What’s in this article:
- Target’s possible new tagline is much longer than “Expect More. Pay Less,” and sounds more like a complaint than a solution
Since1984, Target has used the tagline “Expect More. Pay Less.” It’s very similar to Walmart’s “Save Money. Live Better.” The retailers understood their role was to deliver value to their customers.
That approach certainly paid off for the two whose sales increased tremendously during 2020. In fact, Target’s sales growth for just 2020 amounted to $15 billion, surpassing its gains for the previous 11 years of business put together, according to CNN’s report.
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Like Walmart, Target was well-positioned to deliver to its customers during lockdowns. The stores were allowed to remain open even while some others were shuttered in states like New York.
More importantly, the retailers were able to deliver to those who didn’t want to enter a store at all, thanks to their robust online system. Target even made fresh grocery delivery affordable through Shipt that either charged $10 per order or just $99 for the whole year.
Target’s New Tagline
But at the beginning of 2021, Target appointed a new chief marketing and digital officer named Cara Sylvester, and she seems intent to make her mark. Nothing makes more of a mark than changing the tagline in use for nearly four decades.
The new one, as Adweek reported, is to be “What we value most shouldn’t cost more.”
While that sentiment is very close to the original brand promise of value for less, it’s actually far weaker. It is neither making a promise for the brand to deliver, nor is it coming up with a clear solution.
It’s implied that they care about this, but they don’t actually promise a fix or a real direction for customers. This kind of vagueness is what Sylvester believes is about connection.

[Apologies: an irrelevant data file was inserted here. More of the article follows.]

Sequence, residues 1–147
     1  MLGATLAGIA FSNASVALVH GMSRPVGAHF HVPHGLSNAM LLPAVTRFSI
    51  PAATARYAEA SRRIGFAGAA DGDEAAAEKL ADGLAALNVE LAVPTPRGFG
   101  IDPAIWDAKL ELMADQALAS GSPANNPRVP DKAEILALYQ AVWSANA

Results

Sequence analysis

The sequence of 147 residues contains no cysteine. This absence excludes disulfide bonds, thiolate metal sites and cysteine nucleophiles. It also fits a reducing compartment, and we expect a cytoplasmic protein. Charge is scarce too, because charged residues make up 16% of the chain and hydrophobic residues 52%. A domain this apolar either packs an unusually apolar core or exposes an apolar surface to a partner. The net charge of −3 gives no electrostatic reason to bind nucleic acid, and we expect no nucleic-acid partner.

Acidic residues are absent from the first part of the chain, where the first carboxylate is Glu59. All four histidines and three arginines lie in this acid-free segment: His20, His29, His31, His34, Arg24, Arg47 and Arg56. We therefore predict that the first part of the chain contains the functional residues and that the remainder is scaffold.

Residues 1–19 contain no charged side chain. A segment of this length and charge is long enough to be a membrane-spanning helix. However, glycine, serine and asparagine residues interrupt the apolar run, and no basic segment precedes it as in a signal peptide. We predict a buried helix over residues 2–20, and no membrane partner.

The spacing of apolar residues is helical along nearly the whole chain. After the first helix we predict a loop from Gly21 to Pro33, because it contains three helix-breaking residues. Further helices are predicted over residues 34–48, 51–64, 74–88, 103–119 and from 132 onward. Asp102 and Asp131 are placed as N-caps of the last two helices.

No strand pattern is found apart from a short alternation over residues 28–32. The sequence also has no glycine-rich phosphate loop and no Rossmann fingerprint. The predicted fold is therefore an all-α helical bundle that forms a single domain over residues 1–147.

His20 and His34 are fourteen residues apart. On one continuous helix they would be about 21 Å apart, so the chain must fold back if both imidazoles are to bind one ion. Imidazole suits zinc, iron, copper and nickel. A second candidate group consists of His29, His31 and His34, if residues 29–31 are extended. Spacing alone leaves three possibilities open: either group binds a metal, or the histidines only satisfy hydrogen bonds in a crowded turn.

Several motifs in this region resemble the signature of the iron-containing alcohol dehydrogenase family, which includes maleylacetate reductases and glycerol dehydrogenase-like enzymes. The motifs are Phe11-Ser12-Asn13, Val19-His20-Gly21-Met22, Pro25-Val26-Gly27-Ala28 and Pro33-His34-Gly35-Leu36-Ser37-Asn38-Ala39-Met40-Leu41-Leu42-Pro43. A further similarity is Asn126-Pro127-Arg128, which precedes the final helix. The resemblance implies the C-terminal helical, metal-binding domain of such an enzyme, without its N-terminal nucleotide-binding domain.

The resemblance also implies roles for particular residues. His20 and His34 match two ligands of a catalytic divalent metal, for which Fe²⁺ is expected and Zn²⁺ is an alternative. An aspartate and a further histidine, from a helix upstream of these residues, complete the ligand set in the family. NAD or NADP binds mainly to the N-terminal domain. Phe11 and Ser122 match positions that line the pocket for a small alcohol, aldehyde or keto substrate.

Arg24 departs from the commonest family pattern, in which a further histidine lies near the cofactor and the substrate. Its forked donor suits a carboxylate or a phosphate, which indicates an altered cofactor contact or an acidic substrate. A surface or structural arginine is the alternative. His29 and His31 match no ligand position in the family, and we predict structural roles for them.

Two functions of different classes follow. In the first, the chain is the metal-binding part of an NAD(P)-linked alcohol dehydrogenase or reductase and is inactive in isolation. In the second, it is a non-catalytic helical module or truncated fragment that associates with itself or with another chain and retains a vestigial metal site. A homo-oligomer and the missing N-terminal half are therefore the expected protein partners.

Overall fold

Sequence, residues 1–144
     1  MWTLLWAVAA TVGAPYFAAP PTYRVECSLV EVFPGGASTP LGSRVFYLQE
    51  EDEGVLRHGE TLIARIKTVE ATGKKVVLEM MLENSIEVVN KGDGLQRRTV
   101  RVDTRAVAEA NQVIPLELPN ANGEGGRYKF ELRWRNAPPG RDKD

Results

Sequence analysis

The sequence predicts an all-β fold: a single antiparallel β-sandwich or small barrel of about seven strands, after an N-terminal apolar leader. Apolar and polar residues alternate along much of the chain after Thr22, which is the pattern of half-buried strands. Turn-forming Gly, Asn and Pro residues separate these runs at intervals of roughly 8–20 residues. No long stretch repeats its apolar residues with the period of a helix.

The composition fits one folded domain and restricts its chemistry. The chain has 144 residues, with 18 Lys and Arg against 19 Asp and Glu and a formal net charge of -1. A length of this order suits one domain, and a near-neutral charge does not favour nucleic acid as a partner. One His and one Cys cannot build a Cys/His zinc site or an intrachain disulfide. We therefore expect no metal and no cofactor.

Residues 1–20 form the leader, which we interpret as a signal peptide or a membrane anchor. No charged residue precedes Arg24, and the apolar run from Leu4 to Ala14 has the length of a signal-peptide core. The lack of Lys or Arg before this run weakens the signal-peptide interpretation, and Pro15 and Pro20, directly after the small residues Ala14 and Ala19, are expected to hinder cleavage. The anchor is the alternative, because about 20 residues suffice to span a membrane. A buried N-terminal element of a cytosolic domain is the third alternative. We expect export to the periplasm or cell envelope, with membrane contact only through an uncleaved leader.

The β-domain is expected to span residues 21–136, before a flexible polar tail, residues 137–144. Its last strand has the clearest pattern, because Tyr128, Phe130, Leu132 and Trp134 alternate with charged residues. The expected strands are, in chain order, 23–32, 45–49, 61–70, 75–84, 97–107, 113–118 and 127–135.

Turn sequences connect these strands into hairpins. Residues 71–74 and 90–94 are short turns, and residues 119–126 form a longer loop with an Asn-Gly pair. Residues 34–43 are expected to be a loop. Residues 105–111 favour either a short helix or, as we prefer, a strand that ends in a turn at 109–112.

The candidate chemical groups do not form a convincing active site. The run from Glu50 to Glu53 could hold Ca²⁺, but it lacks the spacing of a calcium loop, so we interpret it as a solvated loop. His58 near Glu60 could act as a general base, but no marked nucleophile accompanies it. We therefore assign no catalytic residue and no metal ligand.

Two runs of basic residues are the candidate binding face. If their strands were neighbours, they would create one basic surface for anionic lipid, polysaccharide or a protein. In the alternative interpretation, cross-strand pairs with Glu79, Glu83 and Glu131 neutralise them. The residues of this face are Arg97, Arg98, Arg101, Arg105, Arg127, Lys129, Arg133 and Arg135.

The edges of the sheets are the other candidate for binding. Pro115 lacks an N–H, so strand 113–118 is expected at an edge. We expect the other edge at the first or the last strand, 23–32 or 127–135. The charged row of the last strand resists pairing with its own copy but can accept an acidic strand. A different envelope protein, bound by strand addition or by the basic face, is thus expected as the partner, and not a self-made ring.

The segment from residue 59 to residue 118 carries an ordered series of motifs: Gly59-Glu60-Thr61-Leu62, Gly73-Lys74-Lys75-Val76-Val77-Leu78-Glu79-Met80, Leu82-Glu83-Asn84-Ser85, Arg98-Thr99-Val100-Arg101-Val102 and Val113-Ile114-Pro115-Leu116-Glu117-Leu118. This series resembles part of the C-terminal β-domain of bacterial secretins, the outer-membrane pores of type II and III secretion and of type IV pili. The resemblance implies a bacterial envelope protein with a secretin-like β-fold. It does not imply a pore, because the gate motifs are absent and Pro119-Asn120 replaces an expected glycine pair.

As she told Adweek, “In today’s world, both marketing and retail is all about understanding the consumer and pursuing the most meaningful, authentic connections.”
Perhaps so, for certain brands, that really is a part of their integral identity. But it’s really not what brings customers to Target. I’m a Target customer myself, and I can tell you, you don’t enter the store expecting a meaningful connection. We expect to find what we need in stock at a good price, and some of us may even use the self-checkout and so avoid even connecting with a cashier on the most superficial level.
But aside from that, the tagline fails as a slogan. Slogans are meant to be short, to the point, and indicative of a call to action.
When Nike declares, “Just do it,” they’re using just three syllables to not only capture a feeling but direct customers to act on it. Apple’s “Think different” did the same thing.
Unoriginal though it may be, the original Target tagline captured its mission statement with a clear CTA to customers in just four short words. It’s now being replaced by something much longer that sounds more like a complaint than a solution.
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